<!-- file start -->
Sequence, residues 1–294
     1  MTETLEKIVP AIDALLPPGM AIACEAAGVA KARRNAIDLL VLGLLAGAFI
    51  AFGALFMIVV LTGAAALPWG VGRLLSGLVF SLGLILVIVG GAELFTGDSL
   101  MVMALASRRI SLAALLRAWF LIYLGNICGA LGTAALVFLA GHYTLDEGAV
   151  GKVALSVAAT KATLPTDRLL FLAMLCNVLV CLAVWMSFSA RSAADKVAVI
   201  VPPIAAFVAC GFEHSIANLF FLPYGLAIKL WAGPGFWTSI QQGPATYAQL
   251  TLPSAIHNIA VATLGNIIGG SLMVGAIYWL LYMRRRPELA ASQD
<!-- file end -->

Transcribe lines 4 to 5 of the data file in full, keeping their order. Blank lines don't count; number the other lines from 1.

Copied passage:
   101  MVMALASRRI SLAALLRAWF LIYLGNICGA LGTAALVFLA GHYTLDEGAV
   151  GKVALSVAAT KATLPTDRLL FLAMLCNVLV CLAVWMSFSA RSAADKVAVI